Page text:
Monday, January 11, 2016

Putting it Out There

Yesterday we joined some friends at a local burger place that has an outdoor play area for the kids. It was a decent day, the food was great, and the company better. One of the kids we were with adores Johnny and takes him off to play with him any chance she gets. I love her heart for him. As we supervised from across the lawn, we took notice of the other kids running around and all took turns counting to make sure everyone was accounted for. After some time, MacKenzie came over to me and said that a pair of older boys (9 or 10 years old) said that "Johnny walked funny". 

It's a first. 

Our first of many. 

Things have been said off hand to me, by adults. But this was the first time the girls heard a comment made by someone young. It will happen again. It will happen to our faces. It will happen behind our backs. It will be innocent comments like this one. It will also be not so nice insults. 

Honestly, I'm surprised it took this long for our first comment like this. And I'm thankful for such an easy comment to work our way into. I pass no judgement on the boys. I wasn't there to hear what they had to say, how it was said, nor did I know what they meant. And, like I told MacKenzie, Johnny DOES walk funny. Because he is learning how to walk and he is unstable. Are there different ways the boys could have worded that comment to be kinder? Yes. But, I don't think it was a taunt. Not this time. 

I'm thankful because my girl knew enough in her heart that, what those boys said didn't sit right with her and she made the decision to come tell me. We had a conversation about it being ok to observe differences between people, but ensuring that we are being kind about it. We discussed that she did the right thing, listening to her heart to come tell me, and that there will be times I ask her not to worry about it, times that I address it between the two of us, and other times that I talk to the others directly. I am thankful because we are equipping our kids with language that allows them to ask genuine questions out of a thirst for knowledge and encourages them to voice their concerns over injustices (both legitimate and embellished) that they observe.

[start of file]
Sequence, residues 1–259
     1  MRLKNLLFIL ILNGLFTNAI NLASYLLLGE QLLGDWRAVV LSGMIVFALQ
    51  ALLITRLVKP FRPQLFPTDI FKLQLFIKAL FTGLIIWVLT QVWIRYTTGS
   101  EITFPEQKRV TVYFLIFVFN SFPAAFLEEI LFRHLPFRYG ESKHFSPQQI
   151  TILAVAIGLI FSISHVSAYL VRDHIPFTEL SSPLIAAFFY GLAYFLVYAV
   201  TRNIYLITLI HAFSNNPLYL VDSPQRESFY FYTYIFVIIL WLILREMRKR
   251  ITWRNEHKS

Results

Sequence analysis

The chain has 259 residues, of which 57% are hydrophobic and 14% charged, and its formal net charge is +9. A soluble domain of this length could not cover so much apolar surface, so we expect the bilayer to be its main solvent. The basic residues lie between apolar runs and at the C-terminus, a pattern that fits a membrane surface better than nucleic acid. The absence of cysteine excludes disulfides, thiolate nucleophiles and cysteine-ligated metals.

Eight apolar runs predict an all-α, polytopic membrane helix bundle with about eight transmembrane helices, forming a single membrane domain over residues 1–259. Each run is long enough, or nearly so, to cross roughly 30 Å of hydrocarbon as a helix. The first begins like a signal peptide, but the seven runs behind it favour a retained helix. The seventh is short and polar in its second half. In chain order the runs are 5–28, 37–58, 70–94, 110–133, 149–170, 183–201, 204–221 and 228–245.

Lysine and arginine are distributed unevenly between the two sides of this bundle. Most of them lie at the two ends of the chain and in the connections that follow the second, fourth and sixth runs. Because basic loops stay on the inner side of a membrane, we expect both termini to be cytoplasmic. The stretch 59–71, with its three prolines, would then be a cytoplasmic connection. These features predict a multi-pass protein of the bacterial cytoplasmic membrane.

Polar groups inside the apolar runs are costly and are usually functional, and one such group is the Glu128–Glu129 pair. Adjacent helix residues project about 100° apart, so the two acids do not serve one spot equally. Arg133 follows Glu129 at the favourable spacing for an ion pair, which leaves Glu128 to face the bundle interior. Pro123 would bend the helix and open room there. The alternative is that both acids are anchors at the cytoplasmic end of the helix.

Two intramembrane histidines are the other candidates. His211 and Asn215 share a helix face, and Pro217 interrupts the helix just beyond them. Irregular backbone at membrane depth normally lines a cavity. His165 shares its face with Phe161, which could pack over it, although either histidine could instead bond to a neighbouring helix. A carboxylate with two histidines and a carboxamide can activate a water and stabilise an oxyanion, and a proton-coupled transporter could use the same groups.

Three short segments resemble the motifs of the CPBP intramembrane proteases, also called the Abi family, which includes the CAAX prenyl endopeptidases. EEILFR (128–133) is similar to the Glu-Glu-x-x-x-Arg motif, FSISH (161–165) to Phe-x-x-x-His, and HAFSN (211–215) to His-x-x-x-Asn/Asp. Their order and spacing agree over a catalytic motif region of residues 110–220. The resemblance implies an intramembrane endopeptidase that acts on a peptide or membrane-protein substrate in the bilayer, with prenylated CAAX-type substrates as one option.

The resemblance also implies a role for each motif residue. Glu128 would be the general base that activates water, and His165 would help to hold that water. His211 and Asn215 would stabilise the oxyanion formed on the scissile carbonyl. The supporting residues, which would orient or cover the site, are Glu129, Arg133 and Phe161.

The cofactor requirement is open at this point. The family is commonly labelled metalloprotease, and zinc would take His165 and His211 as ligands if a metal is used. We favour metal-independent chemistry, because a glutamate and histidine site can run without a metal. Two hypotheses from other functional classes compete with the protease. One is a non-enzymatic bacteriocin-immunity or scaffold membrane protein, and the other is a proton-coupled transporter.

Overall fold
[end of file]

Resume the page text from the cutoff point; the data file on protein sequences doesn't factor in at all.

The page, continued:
I was caught off guard by the whole interaction, not expecting, as I stuffed my face with burger and brisket cheese fries to deal with a milestone of a different kind. But I wasn't sad or upset about what happened. Look at all the victories. The reason the boys even noticed that Johnny was walking funny is because he was trying to walk. The reason he was trying to walk was to play on a typical playground. The reason he was out on the playground was to keep up with friends who adore him and beg me to let him play. The reason we were out to lunch was to spend time with friends who are (along with countless others) walking this journey right alongside us. How could I be upset?

But the biggest part of that, is the fact that he was in a place where he could be observed and interacted with. We put him out there, exposing him to the world, waiting to see what he would do, wanting him to experience as typical of a day as possible. It's a fantastic thing! And part of putting him out there is risking that he may get hurt. He may fall. He may eat dirt. He may struggle. He may fail. He may be "made fun of". For our family, that is part of growing and learning. I would never shy away from a chance for him. Does he need support and modifications sometimes? Absolutely. But there are times when he needs to experience a struggle or hardship for himself. For every offhand comment that is made towards him, there is a chance for an older sister to mature and learn. For every fall, there were stairs or ladders that were conquered. For every fail, there are days of marked progress, small progress, or even just a single step in the right direction. 

I refuse to build castle walls and dig moats around my kids to protect them from the world that exists out there. Instead I work to equip them with the tools they need- strength, courage, bravery, understanding, and communication. I make sure they know they are loved and cherished and send them on their way. 

This was the first of many. There will be harder ones to come. I'm praying for each moment that comes our way. I'm praising God for the great moments we've already had and the many more I know are in store. 

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